A reminder – the TARP program is just theft
This is a brief update to my previous posts about the government’s TARP program.
- Slowly more voices are raised about the pending theft of taxpayer money, 21 September 2008
- The Paulson Plan will buy assets cheap, just as all good cons offer easy money to the marks, 30 September 2008
Now we have the Citgroup bailout. The secret is out, so the mainstream media and blogs cover the story adequately.
Update: an excellent table which every US citizen should study: “Tracking the Bailout“, New York Times, 26 November 2008.
- Committments: $7.8T
- Used so far: $1.4T (most of which are investments or loans, not expenditures or losses)
The following all appear on Mark Thoma’s article at Economist’s View. Yes, now is an excellent time to get angry.
“U.S. Approves Plan to Help Citigroup Cope With Losses“, 23 November 2008 — Opening:
Federal regulators approved a radical plan to stabilize Citigroup in an arrangement in which the government could soak up billions of dollars in losses at the struggling bank, the government announced late Sunday night.
“Citigroup“, Paul Krugman, op-ed at the New York Times, 24 November 2008 — Excerpt:
A bailout was necessary – but this bailout is an outrage: a lousy deal for the taxpayers, no accountability for management, and just to make things perfect, quite possibly inadequate, so that Citi will be back for more.
Amazing how much damage the lame ducks can do in the time remaining.
“Citigroup Bailout: Weak, Arbitrary, Incomprehensible“, James Kwak, posted at The Baseline Scenario, 24 November 2008 — Excerpt:
The arithmetic on this deal doesn’t seem to work for me (feel free to help me out). Citi has over $2 trillion in assets and several hundred billions of dollars in off-balance sheet liabilities. $20 billion is a drop in the bucket. Friedman Billings Ramsey last week estimated that Citi needed $160 billion in new capital. (I’m not sure I agree with the exact number, but that’s the ballpark.) Yes, there is a guarantee on $306 billion in assets (which will not get triggered until that $20 billion is wiped out), but that leaves another $2 trillion in other assets, many of which are not looking particularly healthy. If I’m an investor, I’m thinking that Citi is going to have to come back again for more money.
In addition, the plan is arbitrary and cannot possibly set an expectation for future deals. In particular, by saying that the government will back some of Citi’s assets but not others, it doesn’t even establish a principle that can be followed in future bailouts. In effect, the message to the market was and has been: “We will protect some (unnamed) large banks from failing, but we won’t tell you how and we’ll decide at the last minute.)” As long as that’s the message, investors will continue to worry about all U.S. banks.
The third goal should have been getting a good deal for the U.S. taxpayer, but instead Citi got the same generous terms as the original recapitalization…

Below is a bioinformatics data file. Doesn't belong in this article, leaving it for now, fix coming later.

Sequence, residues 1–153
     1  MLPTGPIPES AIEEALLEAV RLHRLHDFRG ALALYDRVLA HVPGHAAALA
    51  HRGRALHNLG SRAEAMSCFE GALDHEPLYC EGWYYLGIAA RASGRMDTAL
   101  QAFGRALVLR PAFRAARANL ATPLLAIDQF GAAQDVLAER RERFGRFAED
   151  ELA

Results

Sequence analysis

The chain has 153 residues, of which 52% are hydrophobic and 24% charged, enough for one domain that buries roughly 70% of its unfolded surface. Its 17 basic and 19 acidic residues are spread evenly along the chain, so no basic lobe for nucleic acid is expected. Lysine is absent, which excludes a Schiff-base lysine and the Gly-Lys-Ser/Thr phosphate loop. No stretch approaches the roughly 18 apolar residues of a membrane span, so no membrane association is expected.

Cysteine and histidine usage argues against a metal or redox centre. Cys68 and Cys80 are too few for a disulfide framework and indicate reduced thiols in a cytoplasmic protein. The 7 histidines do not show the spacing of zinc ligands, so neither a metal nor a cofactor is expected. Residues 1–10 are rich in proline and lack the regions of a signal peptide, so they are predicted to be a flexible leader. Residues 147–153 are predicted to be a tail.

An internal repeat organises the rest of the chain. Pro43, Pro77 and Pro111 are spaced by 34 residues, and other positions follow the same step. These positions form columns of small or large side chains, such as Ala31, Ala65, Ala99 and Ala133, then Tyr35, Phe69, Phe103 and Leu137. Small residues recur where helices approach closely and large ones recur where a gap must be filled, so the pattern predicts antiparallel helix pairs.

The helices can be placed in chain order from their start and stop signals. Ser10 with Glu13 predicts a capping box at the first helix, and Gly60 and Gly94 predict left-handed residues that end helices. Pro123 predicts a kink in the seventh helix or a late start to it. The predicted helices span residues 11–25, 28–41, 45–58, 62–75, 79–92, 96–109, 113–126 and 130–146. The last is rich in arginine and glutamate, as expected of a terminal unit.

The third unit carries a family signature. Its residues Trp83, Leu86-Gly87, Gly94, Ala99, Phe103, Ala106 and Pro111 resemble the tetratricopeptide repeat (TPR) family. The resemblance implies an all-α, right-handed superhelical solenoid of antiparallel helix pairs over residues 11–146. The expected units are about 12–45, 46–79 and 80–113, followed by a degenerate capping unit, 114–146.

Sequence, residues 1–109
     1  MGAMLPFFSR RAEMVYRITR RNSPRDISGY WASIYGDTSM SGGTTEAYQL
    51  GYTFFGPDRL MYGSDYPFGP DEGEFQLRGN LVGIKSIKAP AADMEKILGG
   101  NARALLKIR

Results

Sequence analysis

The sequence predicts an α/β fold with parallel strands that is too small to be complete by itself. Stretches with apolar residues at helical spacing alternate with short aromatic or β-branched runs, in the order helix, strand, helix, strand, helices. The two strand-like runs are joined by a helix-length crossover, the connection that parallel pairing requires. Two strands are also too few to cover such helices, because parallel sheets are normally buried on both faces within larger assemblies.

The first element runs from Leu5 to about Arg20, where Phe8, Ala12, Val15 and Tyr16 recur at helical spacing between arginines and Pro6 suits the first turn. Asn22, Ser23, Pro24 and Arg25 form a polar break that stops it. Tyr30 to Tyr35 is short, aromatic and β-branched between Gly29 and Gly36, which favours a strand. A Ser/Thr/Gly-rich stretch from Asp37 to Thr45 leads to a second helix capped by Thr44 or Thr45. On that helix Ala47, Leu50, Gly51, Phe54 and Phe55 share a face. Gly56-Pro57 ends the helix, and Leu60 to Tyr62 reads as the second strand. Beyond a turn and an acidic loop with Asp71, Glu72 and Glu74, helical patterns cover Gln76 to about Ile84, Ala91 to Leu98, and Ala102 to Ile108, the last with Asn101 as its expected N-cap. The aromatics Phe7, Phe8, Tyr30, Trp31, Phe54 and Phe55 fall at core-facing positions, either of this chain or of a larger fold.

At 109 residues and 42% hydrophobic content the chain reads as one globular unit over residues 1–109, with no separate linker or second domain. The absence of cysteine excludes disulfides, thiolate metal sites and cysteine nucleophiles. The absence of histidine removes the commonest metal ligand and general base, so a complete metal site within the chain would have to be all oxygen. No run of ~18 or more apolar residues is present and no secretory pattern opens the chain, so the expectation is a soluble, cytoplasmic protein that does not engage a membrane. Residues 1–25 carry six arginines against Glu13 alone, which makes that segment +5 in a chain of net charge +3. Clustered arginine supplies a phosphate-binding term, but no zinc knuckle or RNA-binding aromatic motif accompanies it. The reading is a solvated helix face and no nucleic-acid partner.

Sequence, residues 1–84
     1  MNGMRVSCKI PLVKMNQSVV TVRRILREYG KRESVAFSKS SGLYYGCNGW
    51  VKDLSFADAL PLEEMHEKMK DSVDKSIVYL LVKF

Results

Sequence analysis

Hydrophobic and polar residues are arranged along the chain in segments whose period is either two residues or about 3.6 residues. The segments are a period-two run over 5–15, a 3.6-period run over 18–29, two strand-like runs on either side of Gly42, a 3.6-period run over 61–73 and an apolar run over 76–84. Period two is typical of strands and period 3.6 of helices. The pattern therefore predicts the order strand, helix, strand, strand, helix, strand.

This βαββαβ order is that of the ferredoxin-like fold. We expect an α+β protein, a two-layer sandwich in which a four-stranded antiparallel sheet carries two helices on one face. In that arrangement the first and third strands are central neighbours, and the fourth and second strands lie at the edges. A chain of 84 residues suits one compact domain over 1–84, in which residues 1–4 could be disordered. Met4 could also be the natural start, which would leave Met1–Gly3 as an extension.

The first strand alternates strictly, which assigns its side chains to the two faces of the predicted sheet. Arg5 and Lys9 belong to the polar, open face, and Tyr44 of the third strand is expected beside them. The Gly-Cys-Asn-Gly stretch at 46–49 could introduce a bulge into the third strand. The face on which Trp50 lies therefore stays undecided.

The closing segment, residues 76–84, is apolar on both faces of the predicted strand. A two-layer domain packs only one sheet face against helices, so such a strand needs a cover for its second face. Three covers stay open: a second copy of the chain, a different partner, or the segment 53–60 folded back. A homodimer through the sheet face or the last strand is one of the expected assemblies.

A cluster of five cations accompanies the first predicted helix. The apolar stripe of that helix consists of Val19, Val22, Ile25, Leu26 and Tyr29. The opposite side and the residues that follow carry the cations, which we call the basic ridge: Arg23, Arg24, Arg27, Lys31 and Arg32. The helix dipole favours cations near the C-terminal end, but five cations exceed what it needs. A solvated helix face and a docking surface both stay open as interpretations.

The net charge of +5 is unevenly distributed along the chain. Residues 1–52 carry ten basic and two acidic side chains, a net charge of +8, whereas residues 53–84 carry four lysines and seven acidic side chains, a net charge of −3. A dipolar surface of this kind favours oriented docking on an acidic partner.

“Citigroup Scores“, Robert Reich, posted at his blog, 23 November 2008 — Excerpt:
If you had any doubt at all about the primacy of Wall Street over Main Street; the utter lack of transparency behind the biggest government giveaway in history to financial executives, and their shareholders, directors, and creditors; and the intimate connections the lie between Administrations — both Republican and Democratic — and the heavyweights on Wall Street, your doubts should be laid to rest. Today it was decided the government will guarantee more than $300 billion of troubled mortgages and other assets of Citigroup under a federal plan to stabilize the lender after its stock fell 60 percent last week. The company will also will get a $20 billion cash infusion from the Treasury Department, adding to the $25 billion the bank received last month under the Troubled Asset Relief Program.
This is not a particularly good deal for American taxpayers, but it is a marvelous deal for Citi. In return for all the cash and guarantees they are giving away, taxpayers will get only $27 billion of preferred shares paying an 8 percent dividend. No other strings are attached. The senior executives of Citi, including those who have served at the highest levels in the US government, have done their jobs exceedingly well. The American public, including the media, have not the slightest clue what just happened.
Meanwhile, more than a million workers in the automobile industry, along with six million mortgagees, and a millions of Americans who depend on small businesses and retailers for paychecks, are getting nothing at all.
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Situation reports on the financial crisis:
- The US economy at Defcon 2, 11 March 2008 — Where are we in the downcycle? What might the world look like when it ends?
- The most important story in this week’s newspapers, 22 May 2008 — How solvent is the US government?
- Another warning from our leaders, which we will ignore, 4 June 2008 — An extraordinarily clear warning from a senior officer of the Federal Reserve.
- High priority report: a geopolitical sitrep on the financial crisis, 15 September 2008
- A new sitrep, as we move into phase 3 of the financial crisis, 19 September 2008
- A sitrep on the financial crisis: why has the treatment been so slow, so small?, 8 October 2008
- Status report on the financial crisis: we’re at a critical point in time, 10 October 2008